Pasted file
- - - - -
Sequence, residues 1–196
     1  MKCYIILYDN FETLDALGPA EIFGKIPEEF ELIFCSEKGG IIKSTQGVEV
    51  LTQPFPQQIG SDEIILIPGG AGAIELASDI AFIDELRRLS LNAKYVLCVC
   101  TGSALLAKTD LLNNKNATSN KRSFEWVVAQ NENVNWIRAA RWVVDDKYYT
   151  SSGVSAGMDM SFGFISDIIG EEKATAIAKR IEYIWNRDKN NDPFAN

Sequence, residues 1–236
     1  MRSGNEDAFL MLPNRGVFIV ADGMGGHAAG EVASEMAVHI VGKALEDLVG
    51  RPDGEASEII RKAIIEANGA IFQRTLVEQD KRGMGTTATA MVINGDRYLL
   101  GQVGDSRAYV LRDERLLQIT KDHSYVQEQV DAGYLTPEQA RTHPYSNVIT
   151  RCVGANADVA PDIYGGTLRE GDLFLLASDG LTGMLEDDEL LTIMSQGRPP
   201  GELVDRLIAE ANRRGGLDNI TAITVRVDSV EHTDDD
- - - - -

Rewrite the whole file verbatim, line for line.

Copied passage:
Sequence, residues 1–196
     1  MKCYIILYDN FETLDALGPA EIFGKIPEEF ELIFCSEKGG IIKSTQGVEV
    51  LTQPFPQQIG SDEIILIPGG AGAIELASDI AFIDELRRLS LNAKYVLCVC
   101  TGSALLAKTD LLNNKNATSN KRSFEWVVAQ NENVNWIRAA RWVVDDKYYT
   151  SSGVSAGMDM SFGFISDIIG EEKATAIAKR IEYIWNRDKN NDPFAN

Sequence, residues 1–236
     1  MRSGNEDAFL MLPNRGVFIV ADGMGGHAAG EVASEMAVHI VGKALEDLVG
    51  RPDGEASEII RKAIIEANGA IFQRTLVEQD KRGMGTTATA MVINGDRYLL
   101  GQVGDSRAYV LRDERLLQIT KDHSYVQEQV DAGYLTPEQA RTHPYSNVIT
   151  RCVGANADVA PDIYGGTLRE GDLFLLASDG LTGMLEDDEL LTIMSQGRPP
   201  GELVDRLIAE ANRRGGLDNI TAITVRVDSV EHTDDD